The government has decided on a set of legal measures to root out “sokaiya” corporate racketeers and to have stricter penalties imposed against them, officials said Friday.

A group of 12 ministers agreed that the current legal framework must be revised to that end during the next Diet session, the officials said.

Specifically, the ministers decided they will try to revise the Commercial Code, the Banking Law and the Securities and Exchange Law to impose heavier penalties on companies found to be dealing with sokaiya.

The decision was made at the 12-member ministerial conference, chaired by Chief Cabinet Secretary Seiroku Kajiyama.

The ministers also decided that the government will introduce a new law against such crimes as money laundering during the extraordinary session, which is expected to be convened later this month.

The proposed measures include a new provision in the Commercial Code that will allow for punishment of corporate racketeers who demand money from companies, even if they do not receive any.

In addition, corporate executives will be called on by the government to make firm resolutions to break off their ties with the racketeers.

Each industry will be required to issue an announcement saying they will not provide sokaiya with any benefits, and each firm will be advised to create an in-house body to take antisokaiya measures.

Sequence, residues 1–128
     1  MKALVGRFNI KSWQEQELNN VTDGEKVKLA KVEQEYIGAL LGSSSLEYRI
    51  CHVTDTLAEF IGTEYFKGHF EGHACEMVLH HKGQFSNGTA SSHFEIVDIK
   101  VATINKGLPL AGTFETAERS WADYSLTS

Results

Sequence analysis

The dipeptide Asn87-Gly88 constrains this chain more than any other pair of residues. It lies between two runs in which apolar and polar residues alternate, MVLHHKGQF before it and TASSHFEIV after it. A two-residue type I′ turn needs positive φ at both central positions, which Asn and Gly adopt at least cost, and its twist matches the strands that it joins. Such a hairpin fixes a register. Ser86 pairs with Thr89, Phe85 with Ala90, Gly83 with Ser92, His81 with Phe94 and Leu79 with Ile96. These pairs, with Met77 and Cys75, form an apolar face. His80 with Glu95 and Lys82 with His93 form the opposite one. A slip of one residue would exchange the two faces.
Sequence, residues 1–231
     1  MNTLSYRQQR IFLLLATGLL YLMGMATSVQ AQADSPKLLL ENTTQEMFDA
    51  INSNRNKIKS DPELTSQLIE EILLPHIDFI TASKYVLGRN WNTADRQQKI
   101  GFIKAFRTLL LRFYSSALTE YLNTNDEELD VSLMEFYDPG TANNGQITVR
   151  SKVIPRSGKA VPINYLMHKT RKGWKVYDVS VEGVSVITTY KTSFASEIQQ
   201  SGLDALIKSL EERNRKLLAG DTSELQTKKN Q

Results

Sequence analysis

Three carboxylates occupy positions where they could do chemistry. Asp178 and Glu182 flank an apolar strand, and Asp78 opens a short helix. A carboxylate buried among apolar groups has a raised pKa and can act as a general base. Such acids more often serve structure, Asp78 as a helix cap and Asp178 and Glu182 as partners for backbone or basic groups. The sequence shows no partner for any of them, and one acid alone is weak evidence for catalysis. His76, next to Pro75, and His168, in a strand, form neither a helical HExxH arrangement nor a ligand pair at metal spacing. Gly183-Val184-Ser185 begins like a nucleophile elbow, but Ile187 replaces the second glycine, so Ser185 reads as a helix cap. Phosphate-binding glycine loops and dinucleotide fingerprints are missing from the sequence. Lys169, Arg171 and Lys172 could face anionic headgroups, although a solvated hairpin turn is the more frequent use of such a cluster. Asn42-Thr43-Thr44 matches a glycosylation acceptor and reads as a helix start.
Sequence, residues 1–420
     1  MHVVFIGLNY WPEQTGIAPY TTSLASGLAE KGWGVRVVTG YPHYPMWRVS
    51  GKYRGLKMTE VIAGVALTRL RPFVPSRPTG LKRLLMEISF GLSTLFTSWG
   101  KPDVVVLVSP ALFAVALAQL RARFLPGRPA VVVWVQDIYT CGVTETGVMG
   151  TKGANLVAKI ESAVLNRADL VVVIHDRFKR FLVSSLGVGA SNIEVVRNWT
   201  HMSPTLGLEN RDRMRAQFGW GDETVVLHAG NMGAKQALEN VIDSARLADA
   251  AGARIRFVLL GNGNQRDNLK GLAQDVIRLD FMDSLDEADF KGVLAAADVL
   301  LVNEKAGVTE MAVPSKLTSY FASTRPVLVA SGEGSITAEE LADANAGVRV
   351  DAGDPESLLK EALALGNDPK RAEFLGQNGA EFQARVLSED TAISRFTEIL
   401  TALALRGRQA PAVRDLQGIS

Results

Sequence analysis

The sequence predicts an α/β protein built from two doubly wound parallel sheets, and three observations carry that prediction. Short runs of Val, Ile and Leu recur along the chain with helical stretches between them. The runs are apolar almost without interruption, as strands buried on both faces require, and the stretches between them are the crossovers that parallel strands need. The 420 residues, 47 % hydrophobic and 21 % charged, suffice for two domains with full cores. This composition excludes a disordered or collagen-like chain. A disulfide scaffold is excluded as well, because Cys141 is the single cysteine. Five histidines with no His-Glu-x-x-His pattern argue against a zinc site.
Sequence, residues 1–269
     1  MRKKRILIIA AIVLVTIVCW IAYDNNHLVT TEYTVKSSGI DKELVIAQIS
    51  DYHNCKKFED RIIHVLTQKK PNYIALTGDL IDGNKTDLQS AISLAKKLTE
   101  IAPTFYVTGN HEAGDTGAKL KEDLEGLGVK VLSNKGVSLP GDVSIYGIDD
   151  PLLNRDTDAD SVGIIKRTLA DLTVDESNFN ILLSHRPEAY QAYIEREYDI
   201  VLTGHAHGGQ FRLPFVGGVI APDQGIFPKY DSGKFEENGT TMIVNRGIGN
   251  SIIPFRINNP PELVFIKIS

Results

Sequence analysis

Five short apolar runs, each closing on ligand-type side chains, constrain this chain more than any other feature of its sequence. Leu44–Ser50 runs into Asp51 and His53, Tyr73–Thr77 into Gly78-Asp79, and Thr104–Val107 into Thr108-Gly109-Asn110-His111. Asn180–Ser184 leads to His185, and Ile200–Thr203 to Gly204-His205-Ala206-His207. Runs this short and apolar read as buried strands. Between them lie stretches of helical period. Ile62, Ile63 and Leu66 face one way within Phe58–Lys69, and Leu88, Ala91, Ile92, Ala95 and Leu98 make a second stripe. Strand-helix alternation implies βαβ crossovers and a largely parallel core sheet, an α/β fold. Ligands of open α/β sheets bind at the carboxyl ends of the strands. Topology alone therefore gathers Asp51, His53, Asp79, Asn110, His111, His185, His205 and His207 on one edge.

In connection with steps to prevent money laundering, the government is considering creating a special administrative body within the Financial Supervision Agency to collect and analyze information on suspicious funds submitted by financial institutions. That body would be set up next July and take over certain functions from the Finance Ministry.

To help companies get rid of the racketeers, prefectural police will establish racketeering task forces.

These measures were worked out in the wake of a series of payoff scandals involving major Japanese financial institutions, such as Dai-Ichi Kangyo Bank and Nomura Securities Co.

Officials of the Finance, Construction and trade ministries formed a working team with the National Public Safety Commission in July and have met to discuss what actions should be taken to help companies cut their ties with sokaiya.

“The government, in cooperation with business organizations, will promote the measures,” Kajiyama told reporters.

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